On 8 December 1941 began the battle of Hong Kong, now 77 years ago. Here is an extract from Dad’s diary of 10 December, recounting the first days of the Japanese invasion:
About 6:00am on Monday 8th I was woken up, called to the telephone and told that war was imminent with Japan. By the time I got to H.Q. we were at war. About 8:00am the first Japanese bombers came over. They did a lot of damage at the Aerodrome, destroying 7 C.N.A.C. (Chinese National Aviation Corp) planes, The Clipper, most of the RAF planes and the two Walruses. They were unopposed. The volunteer A.A. (anti-aircraft) platoon had drawn no ammunition, I suppose because the day before was a Sunday. The gunboat supposed to be in the seaplane anchorage was being used for something else. The Japs made rapid progress down the Taipo Road, and by the evening we were back in Shatin. H.Q. were gravely disappointed with the Stanley guns. They have shot too big a line, boasted that they could get almost to Taipo, in actual fact they can only reach about 1500 yards beyond Shatin Station. We were unable to answer several calls for fire as the targets have been out of range.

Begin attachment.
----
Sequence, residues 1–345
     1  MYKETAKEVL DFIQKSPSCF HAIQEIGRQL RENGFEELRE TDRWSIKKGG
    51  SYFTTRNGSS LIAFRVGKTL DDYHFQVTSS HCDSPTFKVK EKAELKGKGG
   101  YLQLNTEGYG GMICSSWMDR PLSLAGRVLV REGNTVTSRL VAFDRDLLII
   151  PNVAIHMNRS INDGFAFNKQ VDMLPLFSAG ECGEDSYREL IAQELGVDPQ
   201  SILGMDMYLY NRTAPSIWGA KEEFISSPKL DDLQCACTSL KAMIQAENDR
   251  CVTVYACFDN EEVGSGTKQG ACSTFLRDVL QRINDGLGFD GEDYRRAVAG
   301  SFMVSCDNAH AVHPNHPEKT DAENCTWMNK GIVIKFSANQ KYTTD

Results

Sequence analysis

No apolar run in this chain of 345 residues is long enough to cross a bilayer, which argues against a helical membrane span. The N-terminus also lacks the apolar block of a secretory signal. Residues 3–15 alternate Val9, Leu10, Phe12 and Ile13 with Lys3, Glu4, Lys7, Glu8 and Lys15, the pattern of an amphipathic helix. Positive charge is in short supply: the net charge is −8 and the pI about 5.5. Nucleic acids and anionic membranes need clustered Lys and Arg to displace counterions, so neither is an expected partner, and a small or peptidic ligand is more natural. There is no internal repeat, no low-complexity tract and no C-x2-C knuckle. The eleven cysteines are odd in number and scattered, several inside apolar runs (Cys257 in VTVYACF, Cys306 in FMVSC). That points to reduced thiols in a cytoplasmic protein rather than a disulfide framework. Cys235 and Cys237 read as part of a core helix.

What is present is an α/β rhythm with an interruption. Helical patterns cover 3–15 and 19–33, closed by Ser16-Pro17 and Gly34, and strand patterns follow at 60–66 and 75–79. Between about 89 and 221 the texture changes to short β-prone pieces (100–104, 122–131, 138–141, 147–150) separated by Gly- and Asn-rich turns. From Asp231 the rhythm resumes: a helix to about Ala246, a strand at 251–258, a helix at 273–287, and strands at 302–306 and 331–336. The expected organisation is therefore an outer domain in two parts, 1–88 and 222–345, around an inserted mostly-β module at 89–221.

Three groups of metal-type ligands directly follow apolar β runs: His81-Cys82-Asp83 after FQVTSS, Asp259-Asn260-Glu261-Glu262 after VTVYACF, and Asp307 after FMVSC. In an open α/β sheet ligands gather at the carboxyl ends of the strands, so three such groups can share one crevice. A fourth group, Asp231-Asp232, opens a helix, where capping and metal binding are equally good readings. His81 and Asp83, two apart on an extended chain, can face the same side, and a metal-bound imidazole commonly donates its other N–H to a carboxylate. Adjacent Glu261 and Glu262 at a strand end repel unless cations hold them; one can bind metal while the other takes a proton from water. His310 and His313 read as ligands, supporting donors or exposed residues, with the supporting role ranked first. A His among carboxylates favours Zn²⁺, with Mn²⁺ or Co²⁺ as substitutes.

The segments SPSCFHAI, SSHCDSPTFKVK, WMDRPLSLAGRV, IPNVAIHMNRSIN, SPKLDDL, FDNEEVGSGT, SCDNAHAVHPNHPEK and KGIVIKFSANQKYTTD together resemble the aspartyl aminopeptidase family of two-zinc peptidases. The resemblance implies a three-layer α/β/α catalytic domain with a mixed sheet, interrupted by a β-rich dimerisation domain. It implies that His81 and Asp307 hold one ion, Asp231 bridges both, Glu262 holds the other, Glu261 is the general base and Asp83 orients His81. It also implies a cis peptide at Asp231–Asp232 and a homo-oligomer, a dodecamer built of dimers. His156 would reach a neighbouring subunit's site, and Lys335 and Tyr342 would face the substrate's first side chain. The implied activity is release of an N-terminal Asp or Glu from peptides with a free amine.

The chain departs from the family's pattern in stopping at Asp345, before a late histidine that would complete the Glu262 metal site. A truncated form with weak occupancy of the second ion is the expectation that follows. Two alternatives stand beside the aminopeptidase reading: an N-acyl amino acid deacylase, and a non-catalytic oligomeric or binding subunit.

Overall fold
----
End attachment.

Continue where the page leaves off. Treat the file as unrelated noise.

On Tuesday general skirmishing took place on the main approaches to the inner (Gin Drinkers) line, to which by nightfall all our forces had retired. During the night Tuesday/Wednesday the Japs surprised and captured the Shing Mun Redoubt. This is a severe loss. Today there has been heavy fighting all along Smugglers Ridge and up towards Golden Hill.
The Allied forces had been on high alert for some time but, as each alarm turned out to be false, they became complacent and so weren’t fully prepared for the attack. When war did come, it was fierce and relentless, raging until Christmas Day when the Allies finally surrendered. For the people of Hong Kong, this year would always be known as Black Christmas.
It is hard for us to imagine what that must have been like, as we do our online shopping for Christmas presents, put on a load of laundry or take the dog for a walk. We must always remember what we owe this generation. Blessings for a peaceful Christmas 2018.